On Monday, March 22, Ben Gilman, general counsel for the Maine State Chamber of Commerce, delivered the following testimony before the Joint Standing Committee on Environment and Natural Resources in opposition to LD 640, An Act To Ban Single-serving, Disposable Plastic Water Bottles.
“The bottled water industry directly employs hundreds of Mainers every single day in our state and supports thousands of jobs across Maine. LD 640 would directly impact those jobs and have a negative impact on our state. As a state, water is one of our brands – what we are known for. In fact, water from Maine is the number one item sold in New York City. A few years back, I was at an education conference in Philadelphia, and everyone around the table had a bottle of water in front of them. The person next to me read the label – water from Maine. The conversation ensued that what a wonderful product it was to produce, and the conversation spread around the room. I am sure you all can guess where that water was from – Poland Spring. Next time you drink a bottle of Poland Spring water – read the label. What a great message to send out to world – what it means to be from Maine is clean water. Legislation such as LD 640 seeks to make it more difficult for business involved in water in Maine to operate – that is not the direction we want to go in as a state or the message we want to send to those outside of Maine.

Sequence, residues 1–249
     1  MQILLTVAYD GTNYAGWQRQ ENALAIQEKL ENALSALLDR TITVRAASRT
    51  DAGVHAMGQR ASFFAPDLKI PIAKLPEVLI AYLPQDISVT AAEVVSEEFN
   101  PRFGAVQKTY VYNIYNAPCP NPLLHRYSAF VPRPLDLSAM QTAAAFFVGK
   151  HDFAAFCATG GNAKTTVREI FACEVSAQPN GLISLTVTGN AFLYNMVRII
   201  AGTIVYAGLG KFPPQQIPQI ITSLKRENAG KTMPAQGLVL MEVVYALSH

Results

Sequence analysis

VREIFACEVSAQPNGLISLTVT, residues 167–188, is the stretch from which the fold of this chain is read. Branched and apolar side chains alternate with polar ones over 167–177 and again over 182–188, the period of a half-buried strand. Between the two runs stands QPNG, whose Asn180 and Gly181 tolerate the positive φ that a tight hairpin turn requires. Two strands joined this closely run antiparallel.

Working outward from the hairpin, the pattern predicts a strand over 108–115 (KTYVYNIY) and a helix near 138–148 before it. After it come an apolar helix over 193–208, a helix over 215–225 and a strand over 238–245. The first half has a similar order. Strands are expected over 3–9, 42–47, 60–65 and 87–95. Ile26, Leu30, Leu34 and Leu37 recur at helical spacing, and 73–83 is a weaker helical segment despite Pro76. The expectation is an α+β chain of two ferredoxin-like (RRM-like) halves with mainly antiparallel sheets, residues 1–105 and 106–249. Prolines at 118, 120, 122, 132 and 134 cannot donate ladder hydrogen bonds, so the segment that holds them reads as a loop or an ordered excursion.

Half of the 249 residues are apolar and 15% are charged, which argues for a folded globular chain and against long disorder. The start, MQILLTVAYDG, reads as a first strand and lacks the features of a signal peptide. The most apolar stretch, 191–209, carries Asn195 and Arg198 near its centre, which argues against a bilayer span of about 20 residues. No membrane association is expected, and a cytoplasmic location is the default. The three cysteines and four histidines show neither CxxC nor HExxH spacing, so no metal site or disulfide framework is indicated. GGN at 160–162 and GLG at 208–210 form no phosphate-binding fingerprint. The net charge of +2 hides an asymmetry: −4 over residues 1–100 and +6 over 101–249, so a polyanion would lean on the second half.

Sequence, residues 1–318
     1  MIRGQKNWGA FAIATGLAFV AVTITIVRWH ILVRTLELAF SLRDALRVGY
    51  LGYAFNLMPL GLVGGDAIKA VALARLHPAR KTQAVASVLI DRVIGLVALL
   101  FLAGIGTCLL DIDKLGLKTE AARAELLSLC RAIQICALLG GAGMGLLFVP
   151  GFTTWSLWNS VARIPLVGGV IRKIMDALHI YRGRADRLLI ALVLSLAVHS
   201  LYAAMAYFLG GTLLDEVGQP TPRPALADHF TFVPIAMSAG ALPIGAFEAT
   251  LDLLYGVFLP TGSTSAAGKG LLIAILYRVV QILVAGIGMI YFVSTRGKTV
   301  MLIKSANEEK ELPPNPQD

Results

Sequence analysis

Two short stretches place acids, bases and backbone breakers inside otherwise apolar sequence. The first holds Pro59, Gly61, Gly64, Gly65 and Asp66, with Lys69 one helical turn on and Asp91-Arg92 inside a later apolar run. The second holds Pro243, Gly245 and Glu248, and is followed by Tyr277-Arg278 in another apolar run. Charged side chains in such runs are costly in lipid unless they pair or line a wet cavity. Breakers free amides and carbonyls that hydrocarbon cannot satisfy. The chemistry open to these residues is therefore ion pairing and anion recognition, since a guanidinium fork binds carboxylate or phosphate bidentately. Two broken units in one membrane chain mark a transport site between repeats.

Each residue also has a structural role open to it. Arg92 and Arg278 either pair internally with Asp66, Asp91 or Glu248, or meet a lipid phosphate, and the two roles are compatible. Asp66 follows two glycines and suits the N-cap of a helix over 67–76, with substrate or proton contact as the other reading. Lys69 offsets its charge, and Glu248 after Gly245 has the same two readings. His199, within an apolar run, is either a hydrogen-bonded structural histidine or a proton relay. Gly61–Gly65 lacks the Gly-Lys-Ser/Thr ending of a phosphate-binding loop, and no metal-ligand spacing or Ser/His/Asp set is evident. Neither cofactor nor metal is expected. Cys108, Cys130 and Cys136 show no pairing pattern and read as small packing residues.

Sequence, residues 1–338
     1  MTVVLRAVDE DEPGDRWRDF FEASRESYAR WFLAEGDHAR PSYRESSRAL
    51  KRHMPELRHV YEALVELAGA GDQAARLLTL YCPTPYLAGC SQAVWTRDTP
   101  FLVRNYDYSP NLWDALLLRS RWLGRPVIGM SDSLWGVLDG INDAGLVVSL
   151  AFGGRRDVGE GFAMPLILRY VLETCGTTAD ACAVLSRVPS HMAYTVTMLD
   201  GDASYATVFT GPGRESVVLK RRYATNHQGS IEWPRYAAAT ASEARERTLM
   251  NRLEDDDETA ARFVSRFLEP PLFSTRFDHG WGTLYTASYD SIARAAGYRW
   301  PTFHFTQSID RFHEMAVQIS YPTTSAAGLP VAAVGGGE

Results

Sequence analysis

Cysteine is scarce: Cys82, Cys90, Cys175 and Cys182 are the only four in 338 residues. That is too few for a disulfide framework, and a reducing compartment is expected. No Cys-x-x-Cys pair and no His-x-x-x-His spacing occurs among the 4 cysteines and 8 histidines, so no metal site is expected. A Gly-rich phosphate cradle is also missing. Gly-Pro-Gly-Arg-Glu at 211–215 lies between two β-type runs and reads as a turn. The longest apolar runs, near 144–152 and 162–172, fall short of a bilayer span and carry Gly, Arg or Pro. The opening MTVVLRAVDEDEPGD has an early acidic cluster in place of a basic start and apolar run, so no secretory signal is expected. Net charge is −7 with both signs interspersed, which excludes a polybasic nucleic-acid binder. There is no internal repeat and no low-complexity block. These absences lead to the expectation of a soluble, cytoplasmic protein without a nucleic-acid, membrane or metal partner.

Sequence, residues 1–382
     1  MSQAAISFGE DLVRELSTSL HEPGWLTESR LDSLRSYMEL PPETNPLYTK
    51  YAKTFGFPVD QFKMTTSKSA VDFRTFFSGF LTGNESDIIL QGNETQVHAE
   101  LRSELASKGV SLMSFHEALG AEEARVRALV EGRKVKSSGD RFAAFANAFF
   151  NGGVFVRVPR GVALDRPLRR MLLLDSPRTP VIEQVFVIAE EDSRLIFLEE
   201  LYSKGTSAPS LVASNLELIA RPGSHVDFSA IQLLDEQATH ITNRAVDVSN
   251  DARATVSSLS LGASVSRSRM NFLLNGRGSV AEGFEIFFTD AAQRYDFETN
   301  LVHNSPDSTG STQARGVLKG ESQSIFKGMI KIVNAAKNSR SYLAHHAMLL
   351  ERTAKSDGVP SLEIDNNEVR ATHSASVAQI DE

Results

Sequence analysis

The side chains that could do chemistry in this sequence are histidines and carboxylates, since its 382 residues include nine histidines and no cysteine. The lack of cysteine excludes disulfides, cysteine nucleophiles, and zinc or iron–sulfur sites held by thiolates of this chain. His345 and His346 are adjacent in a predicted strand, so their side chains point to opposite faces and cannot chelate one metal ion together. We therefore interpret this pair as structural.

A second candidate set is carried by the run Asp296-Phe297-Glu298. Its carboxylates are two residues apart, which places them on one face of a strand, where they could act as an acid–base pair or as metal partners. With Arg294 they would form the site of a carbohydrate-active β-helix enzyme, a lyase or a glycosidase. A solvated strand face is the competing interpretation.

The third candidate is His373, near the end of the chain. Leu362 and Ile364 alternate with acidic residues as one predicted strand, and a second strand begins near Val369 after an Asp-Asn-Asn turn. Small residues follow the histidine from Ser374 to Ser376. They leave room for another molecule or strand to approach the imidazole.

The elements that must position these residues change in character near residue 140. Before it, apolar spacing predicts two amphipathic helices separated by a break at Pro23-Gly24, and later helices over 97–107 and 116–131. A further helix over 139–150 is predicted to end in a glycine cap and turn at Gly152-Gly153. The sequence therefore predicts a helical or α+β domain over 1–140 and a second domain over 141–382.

If the reasoning behind the bill is to eliminate plastics from our waste stream, Maine has one of the highest plastic bottle recycling rates in the country, and we would put our bottle program up against any other state. Mainers take pride in our environment, and our recycling shows that. If LD 640 is being proposed because some of the plastics are fossil-fuel based, that issue is being addressed by research at our own University of Maine. The University of Maine is currently working on bio-based plastics that can be made from natural resources right here in Maine. LD 640 has the unintended consequence of negatively impacting the potential of the research at UMaine by placing an outright ban on plastic bottles.
The Maine State Chamber of Commerce has a long history of opposing legislation that picks winners and losers, and this bill is not different. Singling out bottled water versus other liquid product sends the message that we are promoting one beverage over another, and it sends the message to others outside of Maine that we are not friendly to the bottling water industry that has a significant presence in our state. The Maine Chamber believes this bill will take us in the wrong direction as a state in trying to improve our business climate and urge the committee to oppose this bill.”
If you have questions or would like more information about LD 640, please contact Ben Gilman by calling (207) 623-4568, ext. 108, or by emailing email@example.com.